So statistics is tricky. Correlation is not always causation. Consistency of reported behaviour may have a number of root causes. Details matter.


    In a more general realm, I don't accept that mass reports of a phenomena validate it. In some circumstances they do. In others they don't. There are a few interesting examples of this stuff we could go into...

  • Thanks for the answers Tom. Attached is a histogram of the helium /energy measurements. The collection of 16 values clusters around a value that is about 40% of the value expected to result from D+D=He fusion. Because the ratio of two independent measurements is plotted, the ratio can fall anywhere between 0 and infinity if error were the main cause of the value. Instead, the value shows a tight cluster that can be fit by a Gaussian error function. In all other field of science, this is called a very tight and meaningful correlation. The slight shift from the expected value is proposed to result because some of the He is retained by the Pd, which is a very plausible assumption. A smaller collection of values at zero result because no helium is detected when no heat is detected.


    In order to understand any phenomenon, we have to start by making plausible assumptions. These are then used to guide future work. No progress is made if every observation is questioned and rejected because it is not perfect. The He/energy result is the best quantitative value we have in the LENR field. The next best is the tritium /neutron measurements. These measurements provide a path to eventual understanding. This path has become clear. The explanation also has to be consistent with a growing collection of other behaviors. Simply rejecting every observation as error is not only wasteful but makes reaching the goal impossible. This is like when painting a picture, no single dab of paint has any meaning until the collection of dabs suddenly can be recognized as the intended object. No painting would be understandable if each dab were viewed individually, which is what you and others try to do with LENR.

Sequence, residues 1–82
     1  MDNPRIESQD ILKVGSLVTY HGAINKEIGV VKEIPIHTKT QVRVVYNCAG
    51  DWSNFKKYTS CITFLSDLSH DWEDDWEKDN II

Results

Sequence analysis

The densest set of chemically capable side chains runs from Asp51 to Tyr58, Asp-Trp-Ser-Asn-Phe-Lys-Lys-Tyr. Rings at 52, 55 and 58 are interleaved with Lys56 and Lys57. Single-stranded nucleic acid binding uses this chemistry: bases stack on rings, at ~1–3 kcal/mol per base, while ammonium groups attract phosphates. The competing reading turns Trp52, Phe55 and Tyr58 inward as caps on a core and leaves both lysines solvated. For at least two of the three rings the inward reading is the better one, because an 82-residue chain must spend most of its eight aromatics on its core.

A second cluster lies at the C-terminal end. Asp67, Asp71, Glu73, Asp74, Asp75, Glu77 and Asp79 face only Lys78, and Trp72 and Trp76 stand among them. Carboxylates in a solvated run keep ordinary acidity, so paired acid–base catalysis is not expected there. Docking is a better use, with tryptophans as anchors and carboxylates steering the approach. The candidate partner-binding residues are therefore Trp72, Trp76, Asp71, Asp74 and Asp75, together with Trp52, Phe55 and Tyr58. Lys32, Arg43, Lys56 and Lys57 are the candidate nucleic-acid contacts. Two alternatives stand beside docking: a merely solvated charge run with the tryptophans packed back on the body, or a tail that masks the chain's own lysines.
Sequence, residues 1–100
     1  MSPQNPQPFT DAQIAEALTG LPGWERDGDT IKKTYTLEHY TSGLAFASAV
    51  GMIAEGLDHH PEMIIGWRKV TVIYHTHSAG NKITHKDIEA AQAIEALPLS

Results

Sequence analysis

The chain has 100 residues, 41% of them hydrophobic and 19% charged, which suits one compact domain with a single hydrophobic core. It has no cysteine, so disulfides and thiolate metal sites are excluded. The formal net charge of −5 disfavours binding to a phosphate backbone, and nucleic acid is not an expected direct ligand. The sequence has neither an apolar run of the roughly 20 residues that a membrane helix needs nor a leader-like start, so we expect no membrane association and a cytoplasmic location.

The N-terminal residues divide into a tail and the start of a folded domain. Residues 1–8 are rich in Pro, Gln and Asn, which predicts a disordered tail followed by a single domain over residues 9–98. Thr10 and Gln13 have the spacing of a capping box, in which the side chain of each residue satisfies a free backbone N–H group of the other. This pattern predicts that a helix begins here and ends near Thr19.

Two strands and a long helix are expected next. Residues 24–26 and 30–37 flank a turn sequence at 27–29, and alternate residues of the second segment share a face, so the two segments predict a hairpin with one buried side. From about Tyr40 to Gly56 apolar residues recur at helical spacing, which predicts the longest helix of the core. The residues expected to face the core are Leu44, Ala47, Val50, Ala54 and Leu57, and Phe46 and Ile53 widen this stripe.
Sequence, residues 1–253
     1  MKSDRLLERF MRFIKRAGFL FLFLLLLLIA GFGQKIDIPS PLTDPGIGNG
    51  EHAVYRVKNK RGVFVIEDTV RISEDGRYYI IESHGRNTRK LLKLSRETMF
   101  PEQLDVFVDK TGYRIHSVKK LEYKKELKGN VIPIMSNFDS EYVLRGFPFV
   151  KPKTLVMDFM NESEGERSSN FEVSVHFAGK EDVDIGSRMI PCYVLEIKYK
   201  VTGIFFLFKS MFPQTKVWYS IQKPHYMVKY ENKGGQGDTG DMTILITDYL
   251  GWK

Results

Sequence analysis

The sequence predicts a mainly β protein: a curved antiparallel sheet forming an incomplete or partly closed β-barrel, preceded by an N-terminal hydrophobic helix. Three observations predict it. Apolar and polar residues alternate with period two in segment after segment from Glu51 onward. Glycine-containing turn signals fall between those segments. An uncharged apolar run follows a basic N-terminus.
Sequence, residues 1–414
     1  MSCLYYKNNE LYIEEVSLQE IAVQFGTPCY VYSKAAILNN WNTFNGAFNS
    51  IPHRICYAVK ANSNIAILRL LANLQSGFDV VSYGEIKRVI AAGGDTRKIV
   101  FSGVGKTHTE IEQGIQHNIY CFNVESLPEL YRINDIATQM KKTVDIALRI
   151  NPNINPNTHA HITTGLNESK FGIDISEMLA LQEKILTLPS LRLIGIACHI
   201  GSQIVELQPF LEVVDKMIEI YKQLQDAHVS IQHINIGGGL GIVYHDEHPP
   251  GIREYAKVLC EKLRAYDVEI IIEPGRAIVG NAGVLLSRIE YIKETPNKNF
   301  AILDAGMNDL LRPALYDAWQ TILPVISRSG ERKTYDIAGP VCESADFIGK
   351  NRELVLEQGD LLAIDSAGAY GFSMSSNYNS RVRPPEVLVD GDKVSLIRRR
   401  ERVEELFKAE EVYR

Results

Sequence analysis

• How does the helium conjecture fit in with Rossi's reported production of the extended generation of electric power at a COP amplification of 10? That being 500 watts of electrical power from an input of 50 watts of thermal power.


    Has not the advancement of LENR engineering made the helium conjecture obsolete and irrelivant?

  • Tom, please read my book where all the information you need is provided. The graph simply shows the published values in histogram form. The He/energy ratio is plotted as the log in order to show the range of values that could be produced by error or a leak.